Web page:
Unfortunately the trip it not go exactly to plan because #9001 had been in pieces at either Overbrook or Wayne up until a few days prior to the excursion. It was only the efforts of dedicated SEPTA employees intent on getting that unit out for the excursion that resulted in #9001 getting put back together. Unfortunately there wasn't much time for testing and an electrical fault caused the train to need to be stopped a reset every time it got above 40mph (or 50mph with 269 leading). This not only resulted in delays in travel, but a request for a new pair of Silverliners for us to swap over to at Wayne Junction. After only a modest delay the yard crews found another PRR/Reading pair and presented our charter with #9009 and 252 which gave flawless service for the rest of the day.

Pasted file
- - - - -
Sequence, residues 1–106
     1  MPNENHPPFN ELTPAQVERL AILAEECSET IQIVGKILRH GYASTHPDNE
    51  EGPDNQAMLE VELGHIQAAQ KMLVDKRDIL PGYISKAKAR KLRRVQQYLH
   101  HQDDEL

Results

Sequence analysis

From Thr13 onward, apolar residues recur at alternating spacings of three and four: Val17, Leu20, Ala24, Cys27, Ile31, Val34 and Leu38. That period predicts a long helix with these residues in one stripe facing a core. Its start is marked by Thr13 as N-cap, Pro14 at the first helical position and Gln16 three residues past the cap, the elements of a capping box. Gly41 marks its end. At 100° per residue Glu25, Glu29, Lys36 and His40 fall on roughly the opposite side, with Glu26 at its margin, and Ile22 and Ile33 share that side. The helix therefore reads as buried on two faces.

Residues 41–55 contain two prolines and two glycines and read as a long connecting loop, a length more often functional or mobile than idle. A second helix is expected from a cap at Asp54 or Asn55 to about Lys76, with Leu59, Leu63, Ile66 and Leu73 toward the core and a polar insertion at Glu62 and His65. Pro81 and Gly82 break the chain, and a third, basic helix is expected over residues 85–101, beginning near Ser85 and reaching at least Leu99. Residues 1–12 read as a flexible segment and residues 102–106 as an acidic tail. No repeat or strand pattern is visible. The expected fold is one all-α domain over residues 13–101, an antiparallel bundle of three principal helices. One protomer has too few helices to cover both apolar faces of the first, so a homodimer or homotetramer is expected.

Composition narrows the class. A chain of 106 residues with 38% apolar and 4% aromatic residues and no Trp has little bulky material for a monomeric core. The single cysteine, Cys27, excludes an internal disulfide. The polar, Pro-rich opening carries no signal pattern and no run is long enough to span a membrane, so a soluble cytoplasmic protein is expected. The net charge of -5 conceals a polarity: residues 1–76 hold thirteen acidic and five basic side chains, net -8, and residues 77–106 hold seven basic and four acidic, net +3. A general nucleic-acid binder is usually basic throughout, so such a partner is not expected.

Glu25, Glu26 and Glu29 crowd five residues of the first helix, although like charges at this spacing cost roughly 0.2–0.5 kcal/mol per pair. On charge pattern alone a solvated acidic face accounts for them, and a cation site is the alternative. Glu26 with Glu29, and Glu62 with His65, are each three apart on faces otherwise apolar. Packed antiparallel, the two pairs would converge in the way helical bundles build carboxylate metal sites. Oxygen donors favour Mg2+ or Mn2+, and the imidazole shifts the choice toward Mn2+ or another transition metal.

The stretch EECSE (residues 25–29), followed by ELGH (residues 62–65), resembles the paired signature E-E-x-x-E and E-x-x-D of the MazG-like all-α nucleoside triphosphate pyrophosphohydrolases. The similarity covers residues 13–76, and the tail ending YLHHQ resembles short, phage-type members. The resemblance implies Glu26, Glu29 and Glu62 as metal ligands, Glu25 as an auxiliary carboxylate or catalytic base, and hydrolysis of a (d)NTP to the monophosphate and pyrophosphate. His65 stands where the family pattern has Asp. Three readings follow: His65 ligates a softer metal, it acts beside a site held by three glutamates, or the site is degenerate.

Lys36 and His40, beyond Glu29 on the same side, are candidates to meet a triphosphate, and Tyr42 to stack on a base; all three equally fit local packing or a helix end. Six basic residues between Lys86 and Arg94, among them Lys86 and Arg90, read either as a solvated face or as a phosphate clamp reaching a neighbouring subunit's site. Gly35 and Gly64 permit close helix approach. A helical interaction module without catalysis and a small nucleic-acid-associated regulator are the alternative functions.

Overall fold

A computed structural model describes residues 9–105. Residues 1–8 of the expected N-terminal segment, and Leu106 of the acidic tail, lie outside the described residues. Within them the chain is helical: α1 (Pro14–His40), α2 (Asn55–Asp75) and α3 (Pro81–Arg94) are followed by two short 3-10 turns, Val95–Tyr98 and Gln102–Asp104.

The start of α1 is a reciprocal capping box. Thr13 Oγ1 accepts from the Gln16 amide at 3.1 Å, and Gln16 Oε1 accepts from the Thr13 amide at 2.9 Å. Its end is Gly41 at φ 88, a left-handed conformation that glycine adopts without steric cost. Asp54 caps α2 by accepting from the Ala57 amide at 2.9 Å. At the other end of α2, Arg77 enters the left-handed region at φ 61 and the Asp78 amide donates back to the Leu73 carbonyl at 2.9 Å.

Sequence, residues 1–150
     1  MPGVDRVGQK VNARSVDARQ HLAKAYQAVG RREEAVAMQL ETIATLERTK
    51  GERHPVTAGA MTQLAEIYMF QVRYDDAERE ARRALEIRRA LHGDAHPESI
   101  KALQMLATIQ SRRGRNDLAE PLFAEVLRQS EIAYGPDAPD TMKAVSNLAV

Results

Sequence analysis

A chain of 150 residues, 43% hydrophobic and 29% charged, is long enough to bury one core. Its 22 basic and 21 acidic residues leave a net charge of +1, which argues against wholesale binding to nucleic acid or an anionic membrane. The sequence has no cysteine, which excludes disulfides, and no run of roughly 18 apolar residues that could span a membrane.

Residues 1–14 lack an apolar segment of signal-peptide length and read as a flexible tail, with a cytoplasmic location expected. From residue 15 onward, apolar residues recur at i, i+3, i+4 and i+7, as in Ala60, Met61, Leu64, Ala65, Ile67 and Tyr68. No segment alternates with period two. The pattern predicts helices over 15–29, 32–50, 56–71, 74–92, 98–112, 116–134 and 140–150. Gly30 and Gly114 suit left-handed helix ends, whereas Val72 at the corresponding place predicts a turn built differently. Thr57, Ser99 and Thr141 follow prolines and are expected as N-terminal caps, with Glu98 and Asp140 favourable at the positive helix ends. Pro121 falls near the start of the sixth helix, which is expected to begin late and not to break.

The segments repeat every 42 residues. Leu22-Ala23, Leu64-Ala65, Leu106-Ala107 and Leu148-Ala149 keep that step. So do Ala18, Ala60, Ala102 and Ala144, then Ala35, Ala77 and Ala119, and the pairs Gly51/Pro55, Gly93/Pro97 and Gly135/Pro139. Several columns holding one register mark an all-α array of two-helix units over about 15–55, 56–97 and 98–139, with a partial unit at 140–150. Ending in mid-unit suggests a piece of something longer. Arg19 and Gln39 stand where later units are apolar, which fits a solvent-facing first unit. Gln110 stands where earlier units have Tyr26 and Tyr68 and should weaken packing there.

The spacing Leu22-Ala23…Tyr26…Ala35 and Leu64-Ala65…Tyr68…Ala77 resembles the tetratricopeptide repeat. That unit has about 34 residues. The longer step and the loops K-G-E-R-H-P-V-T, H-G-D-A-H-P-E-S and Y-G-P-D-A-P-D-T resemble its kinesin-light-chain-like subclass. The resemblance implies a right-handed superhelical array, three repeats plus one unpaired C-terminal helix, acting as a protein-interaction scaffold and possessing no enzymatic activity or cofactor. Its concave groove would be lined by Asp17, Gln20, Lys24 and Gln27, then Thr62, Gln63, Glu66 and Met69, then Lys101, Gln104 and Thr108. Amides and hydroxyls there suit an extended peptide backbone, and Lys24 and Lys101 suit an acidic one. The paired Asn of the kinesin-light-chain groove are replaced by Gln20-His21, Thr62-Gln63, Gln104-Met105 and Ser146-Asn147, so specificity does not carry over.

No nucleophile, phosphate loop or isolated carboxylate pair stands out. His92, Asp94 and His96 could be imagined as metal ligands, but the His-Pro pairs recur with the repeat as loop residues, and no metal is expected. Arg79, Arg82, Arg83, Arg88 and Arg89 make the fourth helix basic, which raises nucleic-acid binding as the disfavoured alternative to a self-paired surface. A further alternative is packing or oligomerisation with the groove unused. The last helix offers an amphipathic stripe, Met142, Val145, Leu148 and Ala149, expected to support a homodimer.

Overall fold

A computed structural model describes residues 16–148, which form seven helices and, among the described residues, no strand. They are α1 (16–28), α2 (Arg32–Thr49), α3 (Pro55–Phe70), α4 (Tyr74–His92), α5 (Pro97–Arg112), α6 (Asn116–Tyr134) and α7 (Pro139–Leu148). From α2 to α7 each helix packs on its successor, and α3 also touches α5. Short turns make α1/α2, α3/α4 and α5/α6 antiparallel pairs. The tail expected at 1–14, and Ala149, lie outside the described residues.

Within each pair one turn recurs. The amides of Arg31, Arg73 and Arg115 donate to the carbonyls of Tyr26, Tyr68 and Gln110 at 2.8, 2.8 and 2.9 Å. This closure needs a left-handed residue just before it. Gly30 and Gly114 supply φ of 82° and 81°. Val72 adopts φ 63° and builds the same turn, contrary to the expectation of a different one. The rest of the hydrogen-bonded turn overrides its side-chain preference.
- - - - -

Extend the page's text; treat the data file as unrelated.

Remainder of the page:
You can see the entire batch of excellent photos, which also contain line surveys of the West Chester Branch, SEPTA Reading Main Line and former Conrail Trenton Line to West Trenton, right here.

Anyway I know that you should be all excited about these photos so on with the show. We begin at 30th St station with the Maryland Division platform packed full of railfans waiting for the Charter to roll in. Unfortunately we have to wait for a few bog standard S-IVs to pass through like #279 here.

Finally #9001 appears with everyone's favourite SEPTA engineer, Vince, at the controls. 

The train quickly fills up with more than a few familiar faces on board.

Departing a few minutes late insult is added to injury when we get stopped at ARSENAL in order for a Silverliner V test train to clear up so we can wrong rail down the West Chester.

Our first stop was Glafstone where we would get out for a photo opportunity with the train on the Darby Creek trestle.

This gave me a chance to photograph the most distinguishing feature on a Reading SL-II, the mini-cow catchers in front of the trucks. Brilliant!!